A bear would cover half of our diets for 51 days (for both of us).

20 Beavers

Assuming each beaver we catch gives us 13.6 kg (30.00 lb). It would amount to 379,600 cal.

20 beavers would cover half of our diets for 126 days (for both of us).

100 Snowshoe hares and rabbits

Edible weight 0.86 kg (1.9 lb) would equal 98,040 cal. So 100 rabbits/hares would cover half of our diets for 32 days (for both of us).

500 Fish

Would cover half of our diets for 108 days (0.7 kg edible weight = 325,500 cal).

With a proper strategy, equipment (rifles, steel traps, and nets) and an experienced group. Gathering these foods seems a bit more attainable. Survival living seems less impossible with a food plan.

Energy guides a successful survival living strategy

To live off the land the least amount of energy should be expended, and more than enough food must be gathered; efficiency is key.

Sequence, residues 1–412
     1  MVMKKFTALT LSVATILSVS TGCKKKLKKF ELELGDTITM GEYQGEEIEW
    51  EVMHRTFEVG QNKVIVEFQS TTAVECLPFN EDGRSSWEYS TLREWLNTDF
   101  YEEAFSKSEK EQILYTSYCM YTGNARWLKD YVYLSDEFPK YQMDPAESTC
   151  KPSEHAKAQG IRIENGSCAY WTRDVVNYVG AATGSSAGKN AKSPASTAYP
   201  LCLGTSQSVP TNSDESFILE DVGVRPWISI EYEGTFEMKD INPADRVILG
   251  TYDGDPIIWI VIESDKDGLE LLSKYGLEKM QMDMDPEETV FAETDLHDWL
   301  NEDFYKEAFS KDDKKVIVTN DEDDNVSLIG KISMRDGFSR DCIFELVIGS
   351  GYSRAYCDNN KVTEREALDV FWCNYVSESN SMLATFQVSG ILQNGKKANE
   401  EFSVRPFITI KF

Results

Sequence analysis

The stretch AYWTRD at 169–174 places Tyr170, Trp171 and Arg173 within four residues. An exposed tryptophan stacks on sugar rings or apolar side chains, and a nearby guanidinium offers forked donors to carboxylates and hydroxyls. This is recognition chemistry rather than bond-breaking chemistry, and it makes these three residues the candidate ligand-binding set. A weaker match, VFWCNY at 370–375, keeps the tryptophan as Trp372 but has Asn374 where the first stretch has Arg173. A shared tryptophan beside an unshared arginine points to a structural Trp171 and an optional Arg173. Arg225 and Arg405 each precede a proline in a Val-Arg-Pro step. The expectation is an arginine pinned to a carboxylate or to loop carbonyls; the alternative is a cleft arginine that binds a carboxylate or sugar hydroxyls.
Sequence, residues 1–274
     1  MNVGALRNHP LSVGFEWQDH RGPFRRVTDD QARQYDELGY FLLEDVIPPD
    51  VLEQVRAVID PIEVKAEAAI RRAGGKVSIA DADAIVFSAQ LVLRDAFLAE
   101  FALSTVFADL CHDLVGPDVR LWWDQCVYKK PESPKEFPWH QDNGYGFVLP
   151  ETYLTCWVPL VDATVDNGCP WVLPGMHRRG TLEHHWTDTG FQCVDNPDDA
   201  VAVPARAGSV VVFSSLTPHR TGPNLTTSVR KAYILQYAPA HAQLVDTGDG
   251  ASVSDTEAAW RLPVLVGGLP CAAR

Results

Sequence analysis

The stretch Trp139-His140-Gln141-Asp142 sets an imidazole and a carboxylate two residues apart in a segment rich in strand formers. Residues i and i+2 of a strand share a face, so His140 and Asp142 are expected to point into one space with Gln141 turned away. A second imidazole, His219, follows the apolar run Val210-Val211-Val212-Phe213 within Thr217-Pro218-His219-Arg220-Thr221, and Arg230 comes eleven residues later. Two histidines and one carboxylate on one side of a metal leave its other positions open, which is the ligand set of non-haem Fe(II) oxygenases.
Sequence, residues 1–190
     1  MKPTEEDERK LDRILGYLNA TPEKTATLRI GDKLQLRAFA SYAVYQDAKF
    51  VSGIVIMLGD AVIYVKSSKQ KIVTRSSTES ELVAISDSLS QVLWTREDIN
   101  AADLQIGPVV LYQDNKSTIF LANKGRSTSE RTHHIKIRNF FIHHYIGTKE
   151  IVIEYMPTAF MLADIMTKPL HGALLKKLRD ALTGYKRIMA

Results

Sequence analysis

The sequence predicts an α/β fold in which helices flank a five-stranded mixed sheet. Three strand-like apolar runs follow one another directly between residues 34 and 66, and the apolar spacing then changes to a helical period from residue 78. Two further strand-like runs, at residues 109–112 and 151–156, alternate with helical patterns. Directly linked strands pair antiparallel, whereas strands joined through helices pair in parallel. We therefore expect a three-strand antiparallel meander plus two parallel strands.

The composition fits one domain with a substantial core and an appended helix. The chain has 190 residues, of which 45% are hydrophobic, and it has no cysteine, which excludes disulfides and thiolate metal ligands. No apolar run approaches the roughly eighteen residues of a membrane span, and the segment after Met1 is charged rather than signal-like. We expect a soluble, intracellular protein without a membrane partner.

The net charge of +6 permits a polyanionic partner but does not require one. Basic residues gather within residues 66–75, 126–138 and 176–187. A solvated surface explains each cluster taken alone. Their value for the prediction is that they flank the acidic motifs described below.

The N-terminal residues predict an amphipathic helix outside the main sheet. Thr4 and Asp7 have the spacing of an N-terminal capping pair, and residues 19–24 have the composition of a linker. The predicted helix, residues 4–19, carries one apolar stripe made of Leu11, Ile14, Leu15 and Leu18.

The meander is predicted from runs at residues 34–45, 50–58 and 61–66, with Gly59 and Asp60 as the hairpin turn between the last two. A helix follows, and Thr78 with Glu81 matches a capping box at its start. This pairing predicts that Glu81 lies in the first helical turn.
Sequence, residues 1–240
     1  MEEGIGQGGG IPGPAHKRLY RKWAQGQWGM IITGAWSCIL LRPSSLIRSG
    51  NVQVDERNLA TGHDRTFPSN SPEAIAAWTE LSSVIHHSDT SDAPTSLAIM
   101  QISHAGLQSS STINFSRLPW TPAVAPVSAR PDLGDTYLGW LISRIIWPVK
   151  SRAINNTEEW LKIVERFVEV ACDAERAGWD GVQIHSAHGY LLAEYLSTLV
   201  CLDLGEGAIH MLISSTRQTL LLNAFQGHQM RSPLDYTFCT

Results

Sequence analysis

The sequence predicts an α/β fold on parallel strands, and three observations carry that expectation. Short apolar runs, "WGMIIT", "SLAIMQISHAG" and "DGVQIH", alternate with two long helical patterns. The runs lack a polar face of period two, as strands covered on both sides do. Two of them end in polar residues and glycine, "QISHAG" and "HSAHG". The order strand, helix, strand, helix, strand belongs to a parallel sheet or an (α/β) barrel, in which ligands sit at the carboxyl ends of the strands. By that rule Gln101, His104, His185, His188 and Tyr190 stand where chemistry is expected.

Location, Location, Location

Hunters gatherers often camp on rivers, waterholes, or lakes, because resources are concentrated there, and partly because they offer easy travel possibilities. The base camp should be close to, fishing spots, traplines, hunting and gathering grounds, as well as firewood to minimize travel.

Keep in mind that trapping and hunting is often more productive farther away from camp. Also being able to move camp is a good way of coping with unpredictable wild foods.


The further north, the more extreme the seasonal changes. Which means that timing becomes even more crucial. Wild foods should be gathered at optimal times when less effort is needed to gather them and when they provide more benefits. For example trapping beaver before winter, when they are heavier and have more fat.

Do as the locals

Some animals are very nomadic and live in low densities to adapt to changing availability of food. Another strategy is that of hibernating or resting. Hunter gatherers shouldn’t work evenly throughout the year, unless they live in the tropics. In northern areas it helps to have a cyclical approach to work to adapt to seasonal windows of opportunity for foraging.

Shelter and insulation